UPC Procedure

It is clear from the detailed Rules of Procedure, that action before a UPC Court will place far more emphasis on front-loaded written pleadings and evidence than parties are used to in the UK. In the Rules, the timetable for each type of substantive action is set to achieve a Judgment on the merits around a year after the claim is issued. This means that parties seeking  to initiate an action will have to ensure that their case is fully worked up before  issuing proceedings and, while there  is some leeway to request extensions of time, parties  who are sued (possibly in another language) will need to respond rapidly to meet tight deadlines.

The provisional measures available to litigants in the UPC reflect the legal traditions of the participating member states.  Patentees can apply for provisional measures such as injunctions, orders for the preservation of evidence, inspection and freezing of assets. Parties who consider that there is a risk of such measures being taken against them, can file protective letters with the Registry.

Once issued, substantive UPC actions have 3 phases: (i) the Written Procedure; (ii) the Interim Procedure; and (iii) the Oral Procedure. The Written Procedure where the parties set out their submissions, facts and evidence should take approximately 5 to 7 months. After closure of the Written Procedure, the Interim Procedure starts and should be completed over 3 months followed by a summons for an Oral Hearing. The Oral Hearing will be on at least 2 months’ notice (unless a shorter time is agreed by the parties).

During the Interim Procedure, there may be an interim conference, which may be held in Court[1] but preferably will be held via telephone or videoconference[2].  During this step of the proceedings, the Judge-Rapporteur[3]  will seek to identify the main issues and determine which relevant facts are in dispute. The Judge-Rapporteur will also establish the schedule for the proceedings and where appropriate, issue orders for further pleadings, discovery (including from third parties), experts (including a Court-appointed expert), experiments, inspections and further written evidence. The Judge-Rapporteur can also hold preparatory discussions with witnesses and experts to determine whether or not to hold a separate hearing of witnesses and experts before the panel before the Oral Hearing. The Judge-Rapporteur is also required to explore with the parties whether it is possible to settle the dispute or refer it to mediation/arbitration.  Another important task is for the Judge-Rapporteur to decide the value of the dispute and obtain an estimate from the parties of their recoverable legal costs.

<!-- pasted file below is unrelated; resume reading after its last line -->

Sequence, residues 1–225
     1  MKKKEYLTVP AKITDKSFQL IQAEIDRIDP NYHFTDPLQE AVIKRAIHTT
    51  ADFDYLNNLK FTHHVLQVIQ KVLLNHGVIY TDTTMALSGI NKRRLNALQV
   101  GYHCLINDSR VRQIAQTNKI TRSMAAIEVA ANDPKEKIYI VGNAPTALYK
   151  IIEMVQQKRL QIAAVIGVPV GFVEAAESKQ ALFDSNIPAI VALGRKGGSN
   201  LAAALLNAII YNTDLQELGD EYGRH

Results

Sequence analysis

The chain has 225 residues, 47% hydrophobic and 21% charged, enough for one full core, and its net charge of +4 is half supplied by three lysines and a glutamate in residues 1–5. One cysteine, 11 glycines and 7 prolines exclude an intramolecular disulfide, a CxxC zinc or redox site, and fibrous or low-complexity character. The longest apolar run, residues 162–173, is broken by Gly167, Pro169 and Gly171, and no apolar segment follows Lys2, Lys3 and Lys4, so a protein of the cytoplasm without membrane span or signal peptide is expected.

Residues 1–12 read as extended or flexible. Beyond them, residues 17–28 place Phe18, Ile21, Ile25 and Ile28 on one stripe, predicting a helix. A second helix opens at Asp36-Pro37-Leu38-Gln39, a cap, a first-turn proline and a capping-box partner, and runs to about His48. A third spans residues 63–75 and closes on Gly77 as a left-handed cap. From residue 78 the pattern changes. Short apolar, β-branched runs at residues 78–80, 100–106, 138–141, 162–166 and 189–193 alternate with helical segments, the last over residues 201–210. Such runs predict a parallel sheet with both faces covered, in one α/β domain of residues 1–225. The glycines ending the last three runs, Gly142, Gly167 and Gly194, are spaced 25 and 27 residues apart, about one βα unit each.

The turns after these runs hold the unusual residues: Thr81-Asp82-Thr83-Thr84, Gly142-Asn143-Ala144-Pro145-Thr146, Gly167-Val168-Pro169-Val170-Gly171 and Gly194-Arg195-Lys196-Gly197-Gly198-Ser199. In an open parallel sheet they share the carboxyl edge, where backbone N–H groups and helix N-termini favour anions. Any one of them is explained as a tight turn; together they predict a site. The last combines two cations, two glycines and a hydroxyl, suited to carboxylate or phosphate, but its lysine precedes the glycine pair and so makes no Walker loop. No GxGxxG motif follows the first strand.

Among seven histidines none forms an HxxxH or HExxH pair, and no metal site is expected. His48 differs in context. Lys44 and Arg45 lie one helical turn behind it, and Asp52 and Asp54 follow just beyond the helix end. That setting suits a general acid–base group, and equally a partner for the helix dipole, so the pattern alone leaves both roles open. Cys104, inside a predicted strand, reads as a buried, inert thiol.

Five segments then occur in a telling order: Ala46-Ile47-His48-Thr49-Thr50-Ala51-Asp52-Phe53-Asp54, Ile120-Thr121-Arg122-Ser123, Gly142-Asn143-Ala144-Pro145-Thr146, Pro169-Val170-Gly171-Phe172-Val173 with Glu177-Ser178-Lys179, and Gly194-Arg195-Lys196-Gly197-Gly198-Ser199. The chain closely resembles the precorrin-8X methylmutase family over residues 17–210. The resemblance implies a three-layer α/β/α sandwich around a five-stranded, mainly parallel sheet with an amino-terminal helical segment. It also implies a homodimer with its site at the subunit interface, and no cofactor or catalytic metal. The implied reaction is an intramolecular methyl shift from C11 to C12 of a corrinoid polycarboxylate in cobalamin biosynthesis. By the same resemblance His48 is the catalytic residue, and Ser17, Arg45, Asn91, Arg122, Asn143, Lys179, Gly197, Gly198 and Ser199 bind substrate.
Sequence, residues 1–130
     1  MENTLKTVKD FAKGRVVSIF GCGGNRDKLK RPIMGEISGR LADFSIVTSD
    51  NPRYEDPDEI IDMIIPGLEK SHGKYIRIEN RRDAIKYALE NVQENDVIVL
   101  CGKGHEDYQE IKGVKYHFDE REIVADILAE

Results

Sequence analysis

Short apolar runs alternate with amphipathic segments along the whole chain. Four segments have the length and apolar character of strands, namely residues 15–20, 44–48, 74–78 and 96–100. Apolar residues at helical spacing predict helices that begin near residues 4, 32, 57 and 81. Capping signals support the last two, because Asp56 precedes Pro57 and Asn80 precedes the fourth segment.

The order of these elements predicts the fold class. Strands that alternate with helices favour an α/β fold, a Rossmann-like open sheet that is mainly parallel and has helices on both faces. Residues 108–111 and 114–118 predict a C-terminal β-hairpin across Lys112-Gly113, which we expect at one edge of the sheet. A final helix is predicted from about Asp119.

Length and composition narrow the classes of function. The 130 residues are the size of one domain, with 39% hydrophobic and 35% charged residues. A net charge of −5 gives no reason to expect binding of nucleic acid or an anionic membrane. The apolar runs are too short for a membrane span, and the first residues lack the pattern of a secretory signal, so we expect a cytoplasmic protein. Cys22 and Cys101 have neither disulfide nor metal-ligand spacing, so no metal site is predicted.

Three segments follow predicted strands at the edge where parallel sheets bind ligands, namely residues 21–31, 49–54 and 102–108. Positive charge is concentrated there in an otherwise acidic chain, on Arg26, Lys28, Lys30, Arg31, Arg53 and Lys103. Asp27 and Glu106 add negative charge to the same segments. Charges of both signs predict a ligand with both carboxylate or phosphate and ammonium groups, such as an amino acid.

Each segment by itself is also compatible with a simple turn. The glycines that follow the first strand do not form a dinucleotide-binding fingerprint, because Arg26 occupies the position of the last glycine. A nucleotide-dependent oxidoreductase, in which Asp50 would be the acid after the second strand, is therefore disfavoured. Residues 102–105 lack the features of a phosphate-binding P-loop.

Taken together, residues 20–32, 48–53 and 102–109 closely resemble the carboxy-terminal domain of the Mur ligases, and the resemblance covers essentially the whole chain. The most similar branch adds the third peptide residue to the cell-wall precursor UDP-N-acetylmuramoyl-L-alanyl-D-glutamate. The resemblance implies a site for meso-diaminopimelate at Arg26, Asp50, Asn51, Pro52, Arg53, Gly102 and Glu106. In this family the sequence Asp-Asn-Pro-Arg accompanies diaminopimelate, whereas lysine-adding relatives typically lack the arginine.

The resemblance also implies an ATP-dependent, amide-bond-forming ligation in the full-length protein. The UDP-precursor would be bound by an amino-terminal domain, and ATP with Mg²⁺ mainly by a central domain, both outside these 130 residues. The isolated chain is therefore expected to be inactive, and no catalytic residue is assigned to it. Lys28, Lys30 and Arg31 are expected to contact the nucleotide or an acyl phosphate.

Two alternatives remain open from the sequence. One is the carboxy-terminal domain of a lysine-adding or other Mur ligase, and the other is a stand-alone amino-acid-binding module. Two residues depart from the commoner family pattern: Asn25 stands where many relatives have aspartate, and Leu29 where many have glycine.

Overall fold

Once the proceedings move into the Oral Procedure phase, the Presiding Judge will take over management of the action. The Oral Hearing itself will be a 1-day hearing where the parties can make their Oral Submissions and if ordered, any cross-examination of witnesses and experts. The Presiding Judge has authority over the Oral Hearing and must ensure it is conducted fairly, efficiently and in an orderly manner. To achieve this, the Presiding Judge can limit the length of the parties' oral submissions. The Oral Hearing shall, unless ordered otherwise, be open to the public and will be audio recorded. Simultaneous translation of the Oral Hearing is also available to parties on request.

Following the Oral Hearing, the Court may give its decision on the merits immediately after the closure of the Oral Hearing and provide its reasons at a later date. Alternatively, the Court may give its decision on the merits after the Oral Hearing and shall endeavour to do so within 6 weeks of the Oral Hearing. If there are parallel proceedings ongoing, the Court may stay its decision, or make it conditional on e.g., the validity of the patent being upheld. The Court will also decide in principle which party shall bear the costs of the proceedings[4]and may order an interim award of damages to the successful party.

Any appeal must be lodged by the appellant within 2 months of service of a final decision of the Court of First Instance (together with the relevant fee). A Statement of Grounds of Appeal must follow within a further 2 months. It is also possible to apply for the appeal to have a suspensive effect on the Decision. Appeals against decisions taken on provisional and protective measures and interim decisions have shorter deadlines (15 days) and are subject to a requirement to obtain leave to appeal from the Court. If the initial request for permission is denied, a further request for a discretionary review to the Court of Appeal may be made to a single standing Judge



[1] If the Interim Conference is held in Court then it will be open to the public unless ordered otherwise.

 

[2] The Interim Conference will be recorded and made available to the parties after the hearing.

 

[3] One of the legally-qualified Judges on the appointed panel will be designated as Judge-Rapporteur for each action.

 

[4]There is a separate procedure for the determination of damages and also for a costs decision.

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